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Survivor: The Holiday Grief Challenge

Survivor: The Holiday Grief Challenge

By Colleen Friesen

A quick Google search revealed that the popular Reality TV show, “Survivor,” is now into its 43rd season. The fabricated dramas and constructed struggles those contestants endure have nothing on what we, as grievers, face in the coming months.


I have lived my life embracing my free-spirit attitude. When I married my second husband, he showed me the beauty of organization. He helped me to see that being an organized free spirit is great!

With his support, I began facing the losses of my past. Part of that was recognizing that when painful times hit, I would dodge them rather than face them. Actually, that is a reasonable response to being surprised by something that threatens to knock you off your feet.

The best way I found to avoid some of those surprises is to prepare myself. This is similar to how contestants on Survivor prepare for the show by readying their mind, body, and strategies. Now I know that half of my year, October through the end of March is a grief mine field.


My minefield of holiday grief begins with Canadian Thanksgiving, which is early October. My mom’s birthday, on Halloween, is also the day she left us.

November holds the birthday of my eldest son, Errol, who has passed. My birthday at the beginning of December is followed by all the Christmas preparations. The challenge of Christmas is compounded for us. Errol fell and broke his ankle on Christmas eve. That break and the surgery to repair it resulted in his passing of a pulmonary embolism on January 13. My dad and brother departed at the end of February and my first husband crossed over at the end of March.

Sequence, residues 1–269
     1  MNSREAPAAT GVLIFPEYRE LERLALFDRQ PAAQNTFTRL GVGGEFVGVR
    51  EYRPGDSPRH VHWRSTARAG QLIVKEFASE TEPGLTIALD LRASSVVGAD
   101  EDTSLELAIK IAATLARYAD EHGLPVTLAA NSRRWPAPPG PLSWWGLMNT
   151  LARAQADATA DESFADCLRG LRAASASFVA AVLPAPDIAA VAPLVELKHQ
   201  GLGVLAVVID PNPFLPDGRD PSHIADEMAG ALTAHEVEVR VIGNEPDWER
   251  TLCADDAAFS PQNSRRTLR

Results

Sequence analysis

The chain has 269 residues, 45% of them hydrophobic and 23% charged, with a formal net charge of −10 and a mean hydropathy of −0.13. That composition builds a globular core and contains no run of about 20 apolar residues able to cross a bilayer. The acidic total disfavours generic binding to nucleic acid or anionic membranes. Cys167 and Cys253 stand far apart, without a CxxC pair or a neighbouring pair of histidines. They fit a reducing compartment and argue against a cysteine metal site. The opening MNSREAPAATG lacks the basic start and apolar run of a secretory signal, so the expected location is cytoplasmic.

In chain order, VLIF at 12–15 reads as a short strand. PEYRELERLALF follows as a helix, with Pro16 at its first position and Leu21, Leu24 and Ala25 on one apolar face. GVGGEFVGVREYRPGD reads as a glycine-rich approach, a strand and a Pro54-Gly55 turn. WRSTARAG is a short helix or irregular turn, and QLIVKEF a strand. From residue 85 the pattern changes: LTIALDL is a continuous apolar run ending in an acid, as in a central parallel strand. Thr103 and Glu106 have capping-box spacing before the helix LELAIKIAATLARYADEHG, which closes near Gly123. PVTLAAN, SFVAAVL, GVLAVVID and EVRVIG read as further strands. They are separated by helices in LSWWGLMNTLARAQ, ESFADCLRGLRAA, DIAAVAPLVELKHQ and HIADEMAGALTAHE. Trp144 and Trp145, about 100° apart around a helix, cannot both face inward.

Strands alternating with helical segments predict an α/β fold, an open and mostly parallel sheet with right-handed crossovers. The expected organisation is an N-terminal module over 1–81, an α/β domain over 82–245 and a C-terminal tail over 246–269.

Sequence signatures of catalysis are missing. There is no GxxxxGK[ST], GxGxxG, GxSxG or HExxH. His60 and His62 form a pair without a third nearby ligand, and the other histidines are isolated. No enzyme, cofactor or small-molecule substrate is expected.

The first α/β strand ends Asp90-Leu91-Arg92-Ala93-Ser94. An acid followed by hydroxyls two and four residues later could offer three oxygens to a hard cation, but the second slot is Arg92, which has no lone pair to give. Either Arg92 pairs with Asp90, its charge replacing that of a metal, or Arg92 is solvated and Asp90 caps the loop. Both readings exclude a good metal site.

Winter has never been a favorite time for me. Now, the bleak, cold, and dark days of the year present a challenge but also an opportunity. As I gird myself for the journey ahead, I know that spotting and naming the triggers removes their power of surprise.

I book time off from work on days I know I will be too distracted to function. Watching my schedule so I don’t over-tax myself is very important. I ensure that I prioritize my self-care routines. In short, I look after myself because I know that it is going to be rough.


When we grieve, as with any time we are in pain, it is our natural response to draw in, hunker down, and adopt a ‘just leave me alone’ attitude. We all need and can benefit from times where we close the door and just wail. Spewing the pain out in a volcano of emotion usually leaves us feeling drained and washed clean.

Just remember that outside the door where you have closed yourself away stand people who can ease your pain and who need you to help ease theirs. When we hurt so bad it can take a herculean effort to lift our head and see the loved ones who are still here with us. Celebrate the fact that they are still with you! Wrap your arms around your family and friends and let them wrap theirs around you. Together you will carry one another through.